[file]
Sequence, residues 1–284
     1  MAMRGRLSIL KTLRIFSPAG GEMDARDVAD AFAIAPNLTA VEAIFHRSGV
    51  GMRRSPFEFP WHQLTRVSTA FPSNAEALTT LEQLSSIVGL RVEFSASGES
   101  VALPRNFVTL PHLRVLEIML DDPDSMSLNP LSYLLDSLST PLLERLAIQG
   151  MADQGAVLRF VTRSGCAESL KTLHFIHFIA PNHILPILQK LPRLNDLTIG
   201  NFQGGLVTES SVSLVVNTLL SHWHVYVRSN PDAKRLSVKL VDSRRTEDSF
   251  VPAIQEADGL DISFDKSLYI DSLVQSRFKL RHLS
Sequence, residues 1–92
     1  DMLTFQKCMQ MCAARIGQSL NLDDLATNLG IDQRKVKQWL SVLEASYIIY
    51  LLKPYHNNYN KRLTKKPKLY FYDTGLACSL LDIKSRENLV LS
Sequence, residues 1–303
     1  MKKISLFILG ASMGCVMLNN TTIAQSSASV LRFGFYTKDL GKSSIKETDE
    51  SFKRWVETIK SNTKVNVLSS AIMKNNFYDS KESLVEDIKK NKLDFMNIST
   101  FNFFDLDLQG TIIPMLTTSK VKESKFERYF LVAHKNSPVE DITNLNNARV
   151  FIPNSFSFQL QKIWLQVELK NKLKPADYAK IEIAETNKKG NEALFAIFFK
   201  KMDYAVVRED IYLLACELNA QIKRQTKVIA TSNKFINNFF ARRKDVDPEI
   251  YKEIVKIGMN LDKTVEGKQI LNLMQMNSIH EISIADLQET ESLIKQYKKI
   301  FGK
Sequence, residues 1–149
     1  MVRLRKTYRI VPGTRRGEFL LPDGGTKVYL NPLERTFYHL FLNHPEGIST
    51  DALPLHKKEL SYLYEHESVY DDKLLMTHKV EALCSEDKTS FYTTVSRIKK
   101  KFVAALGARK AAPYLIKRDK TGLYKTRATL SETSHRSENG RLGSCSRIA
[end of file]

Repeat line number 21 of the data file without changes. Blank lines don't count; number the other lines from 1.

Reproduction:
    51  DALPLHKKEL SYLYEHESVY DDKLLMTHKV EALCSEDKTS FYTTVSRIKK